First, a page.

Finally, the U.S. tried a windfall profits tax in the 1980s, and it didn't work out so well. Complying with the tax code was a burden for both the company and the IRS, and one study found that the tax back then had the effect of "increasing American dependence on foreign oil sources by 8% to 16%" because it decreased domestic production.

That's one thing we definitely do not want.

What do you think? Share your comments in the box below.

None of our bloggers (Tim, Joe, or Brian) owns shares of any company mentioned. Coca-Cola and Wal-Mart are Motley Fool Inside Value recommendations. StatoilHydro is an Income Investor recommendation. The Fool has a disclosure policy.

Read/Post Comments (34) | Recommend This Article (69)

Comments from our Foolish Readers

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  • Report this Comment On August 06, 2008, at 12:35 PM, sjr1210 wrote:

    I agree that the windfax tax proposed by Obama is simply a way to rile the voters and get them on his side. Brilliant campaign, stupid for the American people in the long run. The golden boy of the media is really just telling people what they want to hear.

    However, I do think the added tax benefits oil companies receive need to be stopped. The fact is we ARE paying for high fuel prices as well as the tax breaks. Years ago when oil was a steady, but struggling, industry, tax incentives were a necessary thing to keep the black gold rolling in. But now with the profit margins in a much better place, the tax breaks need to be phased out. If the tax breaks are to continue, then it should be to encourage alternative energy projects, not for oil exploration or fossil fuels. The sooner decrease our use of oil, including domestic oil, the better. It would be ideal for our domestic security (oil fields wouldn't be a target for future terrorists if our country is attacked) as well as our environment. So long as there is the possibility that gas prices could head north of $4 per gallon, the WHOLE economy suffers. I want XOM and BP and the ilk to do well, but I want them to do well in a different type of fuel.

  • Report this Comment On August 06, 2008, at 12:54 PM, realmcswane wrote:

    Lets see. We tax the profits of companies who provide an increasingly scarce commodity, because the price is going up. Then, we give that money to consumers so they can buy even more of that commodity and relieve them of price-induced pain which might have created the incentive to use less....

    Brilliant! A recipe for higher long-term prices! And a perfect way to assure future shortages will be as painful as possible!

  • Report this Comment On August 06, 2008, at 1:08 PM, kwill10 wrote:

    Does this remind anyone else of drug importation from Canada? We make it temporarily better for consumers by punishing the big, bad, corporation. But, the big, bad, corporation has to either make money or go bankrupt, and thus ultimately prices would go up one way or another anyway. Of course, not until after the votes are counted, so the politicians hope.

  • Report this Comment On August 06, 2008, at 3:09 PM, oddsneds wrote:

    Tax breaks are just another form of subsidy. When the gov't subsidizes something it is offsetting part of the natural price. Tax breaks therefore are reducing the price of gas.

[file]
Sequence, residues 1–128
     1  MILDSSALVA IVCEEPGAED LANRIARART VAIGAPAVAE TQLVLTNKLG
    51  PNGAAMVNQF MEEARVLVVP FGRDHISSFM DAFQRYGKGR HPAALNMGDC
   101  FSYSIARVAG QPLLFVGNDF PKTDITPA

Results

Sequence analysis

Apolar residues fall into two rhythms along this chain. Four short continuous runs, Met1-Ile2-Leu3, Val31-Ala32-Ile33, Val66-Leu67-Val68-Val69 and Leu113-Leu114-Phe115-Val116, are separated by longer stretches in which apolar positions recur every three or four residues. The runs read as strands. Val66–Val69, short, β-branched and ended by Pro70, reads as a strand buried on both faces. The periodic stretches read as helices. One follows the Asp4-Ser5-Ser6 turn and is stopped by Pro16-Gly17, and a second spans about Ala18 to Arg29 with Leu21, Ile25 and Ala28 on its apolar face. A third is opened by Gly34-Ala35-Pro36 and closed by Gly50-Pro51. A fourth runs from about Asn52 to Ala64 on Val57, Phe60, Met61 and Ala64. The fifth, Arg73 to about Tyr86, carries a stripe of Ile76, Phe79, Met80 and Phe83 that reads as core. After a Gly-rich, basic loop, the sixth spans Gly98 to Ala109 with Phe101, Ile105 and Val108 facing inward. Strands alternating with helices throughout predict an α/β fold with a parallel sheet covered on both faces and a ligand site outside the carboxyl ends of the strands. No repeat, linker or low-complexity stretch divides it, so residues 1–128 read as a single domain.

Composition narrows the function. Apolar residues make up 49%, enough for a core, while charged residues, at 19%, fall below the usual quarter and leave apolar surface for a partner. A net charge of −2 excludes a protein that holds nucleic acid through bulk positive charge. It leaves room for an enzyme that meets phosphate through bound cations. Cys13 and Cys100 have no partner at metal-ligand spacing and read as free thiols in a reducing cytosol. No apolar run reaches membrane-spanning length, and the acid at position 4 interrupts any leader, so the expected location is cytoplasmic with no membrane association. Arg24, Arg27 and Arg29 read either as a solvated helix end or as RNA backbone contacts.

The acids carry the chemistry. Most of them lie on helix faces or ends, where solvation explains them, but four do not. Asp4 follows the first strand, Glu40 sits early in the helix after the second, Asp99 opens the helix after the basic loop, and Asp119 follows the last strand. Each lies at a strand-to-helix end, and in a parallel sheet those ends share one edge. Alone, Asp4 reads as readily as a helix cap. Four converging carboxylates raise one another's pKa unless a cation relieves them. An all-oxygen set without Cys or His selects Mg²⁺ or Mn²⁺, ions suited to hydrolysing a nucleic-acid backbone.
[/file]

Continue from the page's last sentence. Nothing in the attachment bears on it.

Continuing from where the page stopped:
If you increase the taxes on, or take away the tax breaks given to companies producing something purchased and consumed, there is only one result: higher prices paid by the consumer. It's true for alcohol products, true for tobacco products, and it's true for oil products.

  • Report this Comment On August 06, 2008, at 3:10 PM, TMFAleph1 wrote:

    Taxing "excessive" profits? Sounds like a promising first step towards a planned economy. Obama's absurd suggestion is rather frightening. Hayek must be turning in his grave.

    Alex Dumortier (XMFMarathonMan)

  • Report this Comment On August 06, 2008, at 3:10 PM, pondee619 wrote:

    Want to curtail the current energy crisis? Tax gasoline at the pump. Keep the price at, at least, $4.00 per gallon. Once gas got to $4.00, and above, people got serious about conserving. The hummers, et al, were taken off the road, people considered mass transit, car pooling, hybreds, alternate fuels and planned their car trips more carefully. Should gas fall below $4.00 for any period of time, all of our bad habits will return.

    Americans will not conserve a comodity which is perceived as plentiful. That perception comes from price. Why would anyone have bought a Hummer a few years ago? Because gas was less expensive and, therefore, more plentiful. "I can use as much as I can afford".

    Keep the gas price high and let Americans, with all their industry, devise a new way around. Without that price incentive, the change will only come much more slowly.

    Let the oil companies keep their profits. They need them to continue to keep us supplied until we wise up.

  • Report this Comment On August 06, 2008, at 4:25 PM, tholepin wrote:

    In 1708, if a government had increased the tax on livery stables, farmers who raised oats and hay, and imposed an excise tax on the horse, it would have cost more to own a horse. Everything transported by horses would have gone up in price, thus slowing the economy, but it wouldn't have brought the horseless carriage any sooner because the technology wasn't ready. These things come in their own good time. You can't force them.